I decided to use System Three Clear Coat resin for the canoe. I also bought 60-inch 6-ounce fiberglass from System Three for both the inside and outside of the canoe.

Smoothing the Outside

[Smoothing Tools] I smoothed the outside using a combination of a small plane, a spokeshave, a random-orbital sander with 80-grit paper, and a piece of semi-hard foam with sandpaper glued to it. I started by using the plane to take off obvious ridges. Where the plane didn't work I used the spokeshave.

Then I used the sander with 60-grit and 80-grit paper to smooth everything out and checked for ridges using a movable lamp and my hands. Where there were ridges I either used the plane and spokeshave to trim them off, followed by more sanding, or just the sander by itself. The final sanding was done with the foam, as it seemed to do the best job of removing the final waviness.

[Outside Smoothed] During the smoothing process I also shaped the ends of the canoe, first cutting them very close to the final shape with a saw and then using the sander to finish the process. I also rough-cut the sheer line, mostly to give more room between the strips and the strongback.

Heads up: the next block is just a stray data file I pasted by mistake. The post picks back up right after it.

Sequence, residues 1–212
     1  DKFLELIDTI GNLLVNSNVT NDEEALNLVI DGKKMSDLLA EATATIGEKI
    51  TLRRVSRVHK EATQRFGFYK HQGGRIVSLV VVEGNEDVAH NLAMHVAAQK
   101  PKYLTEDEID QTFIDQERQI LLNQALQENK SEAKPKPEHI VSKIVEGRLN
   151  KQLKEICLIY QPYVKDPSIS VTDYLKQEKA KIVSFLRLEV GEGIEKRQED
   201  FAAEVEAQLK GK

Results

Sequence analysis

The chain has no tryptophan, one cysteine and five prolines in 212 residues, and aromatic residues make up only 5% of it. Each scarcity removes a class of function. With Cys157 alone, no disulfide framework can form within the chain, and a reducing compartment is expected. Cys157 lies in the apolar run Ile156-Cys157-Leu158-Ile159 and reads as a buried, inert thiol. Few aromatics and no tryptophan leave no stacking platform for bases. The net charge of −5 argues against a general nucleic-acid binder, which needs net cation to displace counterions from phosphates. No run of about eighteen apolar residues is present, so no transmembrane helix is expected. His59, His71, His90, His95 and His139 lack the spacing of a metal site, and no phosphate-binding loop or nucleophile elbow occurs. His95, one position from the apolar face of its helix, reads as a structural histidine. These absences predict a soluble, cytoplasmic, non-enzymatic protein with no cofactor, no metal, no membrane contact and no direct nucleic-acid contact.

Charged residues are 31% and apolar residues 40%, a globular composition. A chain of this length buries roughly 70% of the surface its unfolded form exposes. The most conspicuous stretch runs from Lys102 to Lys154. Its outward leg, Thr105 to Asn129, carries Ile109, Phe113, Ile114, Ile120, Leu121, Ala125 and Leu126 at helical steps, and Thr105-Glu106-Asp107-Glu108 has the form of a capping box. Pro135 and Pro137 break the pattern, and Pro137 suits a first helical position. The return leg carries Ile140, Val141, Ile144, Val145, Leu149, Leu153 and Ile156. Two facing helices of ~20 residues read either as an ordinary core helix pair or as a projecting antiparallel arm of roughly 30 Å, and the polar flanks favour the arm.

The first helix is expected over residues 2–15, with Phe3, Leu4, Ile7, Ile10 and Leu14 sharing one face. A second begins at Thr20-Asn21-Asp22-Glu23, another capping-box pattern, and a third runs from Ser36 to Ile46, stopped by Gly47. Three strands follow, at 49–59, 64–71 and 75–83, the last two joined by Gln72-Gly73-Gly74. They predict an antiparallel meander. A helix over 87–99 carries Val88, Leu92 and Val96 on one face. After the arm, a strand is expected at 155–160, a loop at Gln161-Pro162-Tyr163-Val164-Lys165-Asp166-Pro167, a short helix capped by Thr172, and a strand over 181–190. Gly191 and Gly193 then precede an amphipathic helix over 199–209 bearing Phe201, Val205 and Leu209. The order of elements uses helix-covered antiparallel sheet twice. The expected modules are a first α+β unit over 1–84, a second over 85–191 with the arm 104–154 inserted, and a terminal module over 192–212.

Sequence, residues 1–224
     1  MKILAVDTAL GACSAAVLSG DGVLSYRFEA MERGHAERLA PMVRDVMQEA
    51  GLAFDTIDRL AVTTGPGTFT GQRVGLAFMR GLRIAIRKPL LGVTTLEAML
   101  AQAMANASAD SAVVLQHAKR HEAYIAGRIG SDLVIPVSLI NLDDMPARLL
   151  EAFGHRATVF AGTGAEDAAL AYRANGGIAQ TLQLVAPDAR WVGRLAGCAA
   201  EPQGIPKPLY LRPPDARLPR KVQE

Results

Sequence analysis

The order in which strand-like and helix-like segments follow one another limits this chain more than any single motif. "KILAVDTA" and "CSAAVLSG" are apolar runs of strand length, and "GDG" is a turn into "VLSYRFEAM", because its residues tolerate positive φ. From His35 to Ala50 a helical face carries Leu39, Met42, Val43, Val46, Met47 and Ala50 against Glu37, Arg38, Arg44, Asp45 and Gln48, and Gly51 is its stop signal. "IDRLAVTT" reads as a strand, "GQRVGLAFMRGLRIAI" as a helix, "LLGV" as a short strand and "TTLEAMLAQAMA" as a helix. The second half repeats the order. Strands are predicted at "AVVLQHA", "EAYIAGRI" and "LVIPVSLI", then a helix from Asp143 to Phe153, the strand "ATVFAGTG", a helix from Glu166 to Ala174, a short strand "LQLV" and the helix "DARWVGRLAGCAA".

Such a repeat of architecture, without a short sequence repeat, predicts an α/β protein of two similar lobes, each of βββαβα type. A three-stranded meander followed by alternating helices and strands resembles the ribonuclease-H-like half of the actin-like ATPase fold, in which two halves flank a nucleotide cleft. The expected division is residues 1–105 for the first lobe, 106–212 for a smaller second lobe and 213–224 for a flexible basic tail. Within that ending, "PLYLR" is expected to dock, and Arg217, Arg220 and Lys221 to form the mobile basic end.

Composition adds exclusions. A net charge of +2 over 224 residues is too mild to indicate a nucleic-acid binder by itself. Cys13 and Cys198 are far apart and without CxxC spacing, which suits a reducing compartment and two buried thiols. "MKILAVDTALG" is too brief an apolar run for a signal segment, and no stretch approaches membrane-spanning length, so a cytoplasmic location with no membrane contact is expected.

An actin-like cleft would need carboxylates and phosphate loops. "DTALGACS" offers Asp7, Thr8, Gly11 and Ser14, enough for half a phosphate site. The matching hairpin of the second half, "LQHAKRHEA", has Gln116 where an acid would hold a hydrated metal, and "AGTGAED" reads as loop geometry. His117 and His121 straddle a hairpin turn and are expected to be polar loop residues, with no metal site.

The smoothing took about 10 hours spread out over 14 to 18 May.

The Sealer Coat

[Outside with
Sealer Coat] I first put on a sealer coat of epoxy. I used a roller for this, and most of the other coats. The roller worked perfectly fine with the Clear Coat. I only had to do minor work with a squeegee to level the coats.

I was worried about the epoxy setting up too fast, given that the previous weekend had been hot, but the weekend that I did the sealer coat was cool and rainy so my problem was more that the coats took almost a day to become tack-free.

[Reinforcement Strip] Just after I put on the sealer coat I put a pair of bias-cut strips on the ends of the canoe and epoxied them in place. The bias-cut fiberglass was easy to form to the hull. I didn't have to make any cuts in the glass.